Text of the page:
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Struck to the pelvis

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I wasn’t going to say anything about my experience with the intense thunderstorms we had in Melbourne a couple of weeks ago, but the more I think about it the more I think I should share. Given I used to get feelings of ‘surges through my spine’ from loud noises, frightening sounds (yes, even in movies!), from vibrations, from singing, etc etc prior to my implant and latest nerve blocks, I realise this might be an informative experience to share.

What happened?

I was walking to my studio from where I had a clear view to the sky through our balcony doors when the largest strike and thunder occurred that honestly seemed like it had come through the doors and landed on our kitchen bench a few centimetres away from me. I flinched, sort of ducked in some auto response and next thing I knew I was on my knees and had fallen to the ground. My legs were so weak Theo had to lift me off the floor and we made it to the couch where I chilled, a little terrified for a while. At that point I couldn’t piece together what had happened, even now I’m not sure it was all so quick, but the fact remains, I landed somehow on my knees with the back of my legs feeling like jelly unable to stand me up.

I can only describe the pain and experience as ‘a lightening strike to the pelvis’. It honestly felt like I was hit and the surge travelled up my spine. I know I wasn’t hit by lightning and I know that sounds insane…

The next day, I consulted google about lightning strikes (as if I’d take this conversation to a professional), and not that I felt I’d had a direct hit, but I was curious to find more info. I found a very interesting article explaining what hapens to the body if struck by lightning. Here’s an excerpt:

The circulatory, respiratory, and nervous systems are most commonly affected when a person is struck by lightning:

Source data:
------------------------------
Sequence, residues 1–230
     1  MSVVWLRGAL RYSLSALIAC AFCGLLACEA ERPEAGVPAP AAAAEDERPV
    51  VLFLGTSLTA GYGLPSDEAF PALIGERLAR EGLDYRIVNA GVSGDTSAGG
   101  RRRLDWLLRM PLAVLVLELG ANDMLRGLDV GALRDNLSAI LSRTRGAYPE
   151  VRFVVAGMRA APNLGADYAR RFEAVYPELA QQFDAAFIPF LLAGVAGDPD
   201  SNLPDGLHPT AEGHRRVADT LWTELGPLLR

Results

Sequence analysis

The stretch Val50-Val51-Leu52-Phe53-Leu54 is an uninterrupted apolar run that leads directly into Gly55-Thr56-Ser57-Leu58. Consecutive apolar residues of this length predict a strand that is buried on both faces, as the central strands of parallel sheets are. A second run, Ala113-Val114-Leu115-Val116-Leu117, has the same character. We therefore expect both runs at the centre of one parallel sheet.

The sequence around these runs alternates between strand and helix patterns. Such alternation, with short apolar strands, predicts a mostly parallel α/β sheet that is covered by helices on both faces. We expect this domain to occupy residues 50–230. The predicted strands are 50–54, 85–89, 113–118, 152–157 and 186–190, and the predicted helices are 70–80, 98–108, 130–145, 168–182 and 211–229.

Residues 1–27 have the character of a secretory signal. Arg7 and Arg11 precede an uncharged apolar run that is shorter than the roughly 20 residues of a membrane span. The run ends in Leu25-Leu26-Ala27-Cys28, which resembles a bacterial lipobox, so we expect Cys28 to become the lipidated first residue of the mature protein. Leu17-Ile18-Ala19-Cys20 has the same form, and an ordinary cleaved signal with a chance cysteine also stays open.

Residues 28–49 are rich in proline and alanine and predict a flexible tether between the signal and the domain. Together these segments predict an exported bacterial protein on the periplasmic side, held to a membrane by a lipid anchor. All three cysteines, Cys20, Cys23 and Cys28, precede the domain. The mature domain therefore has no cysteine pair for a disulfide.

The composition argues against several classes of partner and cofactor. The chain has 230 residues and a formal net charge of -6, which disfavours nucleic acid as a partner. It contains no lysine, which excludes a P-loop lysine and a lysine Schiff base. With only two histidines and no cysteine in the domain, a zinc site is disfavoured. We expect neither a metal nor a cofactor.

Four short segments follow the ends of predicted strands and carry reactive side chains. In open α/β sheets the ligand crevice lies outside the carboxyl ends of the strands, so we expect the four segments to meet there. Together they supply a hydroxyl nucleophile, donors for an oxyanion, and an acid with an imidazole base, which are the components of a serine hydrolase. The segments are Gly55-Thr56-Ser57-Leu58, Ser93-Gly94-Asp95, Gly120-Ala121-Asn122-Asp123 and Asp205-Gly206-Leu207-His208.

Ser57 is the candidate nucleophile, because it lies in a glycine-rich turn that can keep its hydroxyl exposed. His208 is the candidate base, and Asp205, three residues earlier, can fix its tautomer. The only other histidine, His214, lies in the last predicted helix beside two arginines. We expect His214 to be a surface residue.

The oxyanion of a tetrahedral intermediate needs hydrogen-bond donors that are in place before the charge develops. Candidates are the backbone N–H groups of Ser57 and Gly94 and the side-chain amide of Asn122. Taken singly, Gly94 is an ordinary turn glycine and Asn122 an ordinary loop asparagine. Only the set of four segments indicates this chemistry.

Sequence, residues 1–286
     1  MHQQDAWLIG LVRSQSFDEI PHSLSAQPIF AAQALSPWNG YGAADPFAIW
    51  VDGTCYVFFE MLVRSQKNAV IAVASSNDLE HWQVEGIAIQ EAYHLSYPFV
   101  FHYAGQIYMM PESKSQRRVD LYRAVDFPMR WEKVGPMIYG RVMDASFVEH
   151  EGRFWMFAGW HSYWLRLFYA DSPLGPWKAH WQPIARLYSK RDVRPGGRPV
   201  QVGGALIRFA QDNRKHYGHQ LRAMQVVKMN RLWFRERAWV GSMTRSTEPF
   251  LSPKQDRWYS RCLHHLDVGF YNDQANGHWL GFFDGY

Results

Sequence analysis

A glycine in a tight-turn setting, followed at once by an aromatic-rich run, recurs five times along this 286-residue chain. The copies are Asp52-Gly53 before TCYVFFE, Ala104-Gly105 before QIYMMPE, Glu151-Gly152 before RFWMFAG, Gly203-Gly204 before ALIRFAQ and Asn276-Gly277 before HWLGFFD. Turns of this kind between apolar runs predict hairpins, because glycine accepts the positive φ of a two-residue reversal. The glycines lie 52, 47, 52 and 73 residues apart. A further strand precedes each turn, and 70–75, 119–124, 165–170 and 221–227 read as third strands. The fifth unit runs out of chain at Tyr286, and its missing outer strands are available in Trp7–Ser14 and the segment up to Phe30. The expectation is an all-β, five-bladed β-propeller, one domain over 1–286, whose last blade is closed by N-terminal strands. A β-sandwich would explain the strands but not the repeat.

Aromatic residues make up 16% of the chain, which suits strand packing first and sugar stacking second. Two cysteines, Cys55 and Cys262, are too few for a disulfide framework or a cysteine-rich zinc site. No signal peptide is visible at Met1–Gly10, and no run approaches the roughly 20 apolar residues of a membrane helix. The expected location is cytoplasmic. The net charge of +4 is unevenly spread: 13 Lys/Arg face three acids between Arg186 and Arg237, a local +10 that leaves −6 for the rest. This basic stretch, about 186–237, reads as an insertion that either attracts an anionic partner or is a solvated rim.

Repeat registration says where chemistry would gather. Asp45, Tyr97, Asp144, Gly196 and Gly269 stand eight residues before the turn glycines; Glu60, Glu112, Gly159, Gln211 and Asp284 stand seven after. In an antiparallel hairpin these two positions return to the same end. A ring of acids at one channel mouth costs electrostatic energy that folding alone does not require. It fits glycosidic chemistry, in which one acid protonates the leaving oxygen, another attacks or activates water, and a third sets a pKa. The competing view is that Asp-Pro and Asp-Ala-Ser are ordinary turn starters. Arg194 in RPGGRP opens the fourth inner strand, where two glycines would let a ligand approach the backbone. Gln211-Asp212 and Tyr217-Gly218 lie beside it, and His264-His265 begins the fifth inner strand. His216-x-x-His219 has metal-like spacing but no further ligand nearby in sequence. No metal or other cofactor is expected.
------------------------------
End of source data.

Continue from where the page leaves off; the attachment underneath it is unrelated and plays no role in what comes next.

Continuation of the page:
Nervous: When the central nervous system is affected, a number of side effects can occur such as dementia, amnesia, temporary paralysis, impaired reflexes, memory gaps and anxiety or depression.

So what’s my point?

Fear! And how it affects pelvic pain, well mine at least! I can’t know if this issue is Pudendal Neuralgia related or related to another part of my injured pelvis, but I begin to wonder how much more this pain will affect my body as time goes on. It raises lots of questions and more fear, certainly the last thing someone in Chronic Pain needs.

I attempt to be positive, mostly but at times like these… pelvic pain gets a little scary.

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Definitions of pain

What is Pudendal Neuralgia (PN)?
Most simply put PN is Carpal Tunnel in the pelvis/buttocks. Compression of the Pudendal Nerve occurs after trauma to the pelvis and is aggravated with pressure. The pain is often described as a toothache like pain, with spasms, sensations of tingling, numbness, or burning. It can be very debilitating.

What is Neuropathic pain?
Neuropathic pain is the result of an injury or malfunction in the peripheral or central nervous system. The pain is often triggered by an injury, but this injury may or may not involve actual damage to the nervous system. More…

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